2)  The pit GTAC has lobbied hard for would be the largest in the history of Wisconsin: 4 1/2 miles long, 1/3 mile wide and 900 feet deep.  It would be like Rib Mountain in reverse.  Though to be clear, this is just Phase 1; the endgame would be a 22-mile long strip of open-pit mining along the Penokee-Gogebic Range — one of the oldest mountain chains on planet Earth that in their prime rivaled the Alps — that after 35 years is calculated to result in the shipping of more than 25 percent the total amount or iron ore mined in the entire Penokee-Gogebic Range from 1880 to 1966.  Abracadabra: from a tapestry of rolling hills rich with history to an industrialized mega gauge rollicking with heavy machinery and truck traffic, open pits like sick sarcoma cells, and eye-sore piles of waste rock hundreds of feet high in what can only be called an environmental sarcophagus.

3)  The proposed mine would sit atop the headwaters of the Bad River, which flows into Copper Falls State Park, the Bad River Reservation, and into the Bad River Slough — which together with the Kakagon Slough is the largest intact freshwater slough in the world and is home to over 70 rare species of plants and animals not to mention a complex system of wild rice beds that have been integral to the Ojibwe culture for centuries.  The pollutant effects of the mine would threaten this 700,000-acre watershed, to say nothing of the way of life for a people who have been here since way before wee Chris Columbus was a wink in his mother’s eye.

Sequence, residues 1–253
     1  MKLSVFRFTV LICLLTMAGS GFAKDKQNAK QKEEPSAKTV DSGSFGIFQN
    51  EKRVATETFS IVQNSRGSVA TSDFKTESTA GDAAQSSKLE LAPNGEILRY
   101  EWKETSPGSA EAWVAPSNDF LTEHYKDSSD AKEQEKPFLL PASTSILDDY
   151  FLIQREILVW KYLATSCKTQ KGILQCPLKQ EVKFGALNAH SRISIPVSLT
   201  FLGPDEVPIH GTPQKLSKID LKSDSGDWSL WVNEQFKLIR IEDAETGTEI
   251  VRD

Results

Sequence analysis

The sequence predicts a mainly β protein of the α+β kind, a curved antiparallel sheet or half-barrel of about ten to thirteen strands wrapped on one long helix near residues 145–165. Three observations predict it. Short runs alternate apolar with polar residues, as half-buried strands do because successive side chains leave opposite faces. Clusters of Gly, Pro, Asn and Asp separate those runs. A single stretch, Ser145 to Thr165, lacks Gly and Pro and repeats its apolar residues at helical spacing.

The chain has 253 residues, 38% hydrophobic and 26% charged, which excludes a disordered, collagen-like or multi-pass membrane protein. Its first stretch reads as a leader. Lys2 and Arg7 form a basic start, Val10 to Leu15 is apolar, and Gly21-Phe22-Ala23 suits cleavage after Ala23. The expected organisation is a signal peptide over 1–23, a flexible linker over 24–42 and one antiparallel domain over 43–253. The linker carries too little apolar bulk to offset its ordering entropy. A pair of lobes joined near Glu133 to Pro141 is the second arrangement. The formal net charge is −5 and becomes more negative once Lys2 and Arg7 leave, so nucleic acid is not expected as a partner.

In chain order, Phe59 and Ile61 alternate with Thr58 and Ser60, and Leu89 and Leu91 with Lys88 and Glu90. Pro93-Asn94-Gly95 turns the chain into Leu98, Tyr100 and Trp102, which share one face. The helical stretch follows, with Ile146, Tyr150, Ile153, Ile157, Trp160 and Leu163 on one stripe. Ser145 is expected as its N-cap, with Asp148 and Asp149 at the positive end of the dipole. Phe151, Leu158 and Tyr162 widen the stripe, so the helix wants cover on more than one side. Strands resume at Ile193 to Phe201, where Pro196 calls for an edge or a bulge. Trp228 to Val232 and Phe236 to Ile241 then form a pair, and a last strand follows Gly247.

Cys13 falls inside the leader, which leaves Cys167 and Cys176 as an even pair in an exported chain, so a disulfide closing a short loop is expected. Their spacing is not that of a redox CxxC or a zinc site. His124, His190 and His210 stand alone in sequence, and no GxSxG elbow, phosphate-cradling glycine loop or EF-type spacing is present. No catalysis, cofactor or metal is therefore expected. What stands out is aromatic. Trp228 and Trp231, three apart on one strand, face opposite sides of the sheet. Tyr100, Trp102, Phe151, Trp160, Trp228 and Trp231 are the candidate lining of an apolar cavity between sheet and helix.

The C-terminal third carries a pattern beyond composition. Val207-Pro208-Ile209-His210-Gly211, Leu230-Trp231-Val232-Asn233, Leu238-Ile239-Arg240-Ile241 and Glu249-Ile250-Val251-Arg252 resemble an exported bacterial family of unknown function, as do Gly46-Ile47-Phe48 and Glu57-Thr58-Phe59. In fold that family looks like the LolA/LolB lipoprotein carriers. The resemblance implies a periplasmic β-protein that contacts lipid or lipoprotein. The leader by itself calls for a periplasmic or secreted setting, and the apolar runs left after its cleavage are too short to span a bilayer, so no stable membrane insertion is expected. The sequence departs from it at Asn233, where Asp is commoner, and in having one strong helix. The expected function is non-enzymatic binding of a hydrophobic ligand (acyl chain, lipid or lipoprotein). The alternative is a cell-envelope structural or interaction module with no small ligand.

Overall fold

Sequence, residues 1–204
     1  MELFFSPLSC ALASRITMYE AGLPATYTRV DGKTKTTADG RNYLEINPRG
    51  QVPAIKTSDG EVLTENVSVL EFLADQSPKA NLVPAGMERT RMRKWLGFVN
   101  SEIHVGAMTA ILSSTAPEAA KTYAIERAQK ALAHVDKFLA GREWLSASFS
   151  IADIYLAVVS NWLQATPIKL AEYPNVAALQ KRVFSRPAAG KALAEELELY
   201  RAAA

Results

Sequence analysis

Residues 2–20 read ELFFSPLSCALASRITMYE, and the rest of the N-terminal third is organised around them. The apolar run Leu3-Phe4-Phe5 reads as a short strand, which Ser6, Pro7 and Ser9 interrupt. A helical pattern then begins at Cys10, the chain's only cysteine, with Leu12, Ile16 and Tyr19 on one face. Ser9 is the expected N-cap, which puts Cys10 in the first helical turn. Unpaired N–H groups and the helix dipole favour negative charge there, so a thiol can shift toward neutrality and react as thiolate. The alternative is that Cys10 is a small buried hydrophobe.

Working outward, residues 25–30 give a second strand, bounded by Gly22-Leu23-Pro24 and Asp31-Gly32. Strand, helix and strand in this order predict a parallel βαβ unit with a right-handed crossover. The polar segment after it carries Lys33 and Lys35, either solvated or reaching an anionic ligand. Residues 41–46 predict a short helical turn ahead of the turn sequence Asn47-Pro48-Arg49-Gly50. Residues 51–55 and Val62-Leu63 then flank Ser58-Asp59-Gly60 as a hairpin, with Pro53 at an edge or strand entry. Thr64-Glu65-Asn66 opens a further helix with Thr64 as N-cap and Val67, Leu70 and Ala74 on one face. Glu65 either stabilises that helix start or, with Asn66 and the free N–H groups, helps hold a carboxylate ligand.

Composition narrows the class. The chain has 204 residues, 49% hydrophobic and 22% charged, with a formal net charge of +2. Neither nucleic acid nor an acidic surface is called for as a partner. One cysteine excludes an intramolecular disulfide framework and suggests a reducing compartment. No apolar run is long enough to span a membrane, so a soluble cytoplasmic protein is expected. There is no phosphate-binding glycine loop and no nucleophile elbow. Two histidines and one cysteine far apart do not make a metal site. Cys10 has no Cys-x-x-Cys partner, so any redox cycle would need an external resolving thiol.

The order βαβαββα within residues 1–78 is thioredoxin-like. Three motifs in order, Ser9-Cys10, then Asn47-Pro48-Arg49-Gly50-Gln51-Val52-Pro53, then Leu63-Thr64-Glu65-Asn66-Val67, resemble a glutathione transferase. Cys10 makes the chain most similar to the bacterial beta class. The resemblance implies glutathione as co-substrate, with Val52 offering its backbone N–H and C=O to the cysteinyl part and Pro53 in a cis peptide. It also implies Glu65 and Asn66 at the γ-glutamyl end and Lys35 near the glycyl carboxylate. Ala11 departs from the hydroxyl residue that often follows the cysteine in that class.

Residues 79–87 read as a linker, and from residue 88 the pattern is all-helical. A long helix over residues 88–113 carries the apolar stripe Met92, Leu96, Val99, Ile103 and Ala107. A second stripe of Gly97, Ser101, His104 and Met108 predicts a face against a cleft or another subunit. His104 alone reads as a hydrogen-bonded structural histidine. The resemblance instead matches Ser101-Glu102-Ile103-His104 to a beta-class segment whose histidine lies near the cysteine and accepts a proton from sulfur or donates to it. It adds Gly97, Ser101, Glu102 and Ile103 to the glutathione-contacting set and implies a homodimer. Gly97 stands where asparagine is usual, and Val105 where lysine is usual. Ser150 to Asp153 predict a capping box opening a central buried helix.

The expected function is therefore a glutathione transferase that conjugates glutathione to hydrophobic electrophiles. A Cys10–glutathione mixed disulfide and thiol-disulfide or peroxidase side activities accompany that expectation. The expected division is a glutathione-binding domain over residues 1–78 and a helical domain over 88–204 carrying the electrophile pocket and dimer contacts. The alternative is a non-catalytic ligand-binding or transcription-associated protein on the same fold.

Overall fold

If you would like more information about why this would be a terrible idea, please see here, here, here, here, here, here, here, and here (which is probably the most objective and thoroughly thought out of everything I have come across so far), just to scratch at the surface, so to speak.  Or from another angle:

But all that has been unearthed already.  (Alright, no more bad puns.)  What I am interested in, and find baffling, is how little press has been given towards the issue of sovereign nation rights (or the direct consequences of environmental racism).  Like so many matters in the media, this entire fol-de-rol has been framed around a bland diatribe of either you’re pro-environment or pro-jobs.  (Like these things are mutually exclusive, besides.  We can’t create jobs with 21st Century technology without wreaking havoc onto the landscape?!?)  Even Huffington Post has toed the line by repeating the sophistry that lawmakers and conservationists are at loggerheads over balancing business interests and preserving the environment.  Thus caught in the crossfire of a false dichotomy, the entire point is singularly missed, which is that federal law trumps state law.  Article I, Section 8 of the United States Constitution states that “Congress shall have the power to regulate Commerce with foreign nations and among the several states, and with the Indian tribes.”  Congress. Not the Republican-controlled State Legislature of Wisconsin, not Scott Walker, not GTAC, not ALEC.  But Congress.  And the Bad River Tribe is such a recognized entity.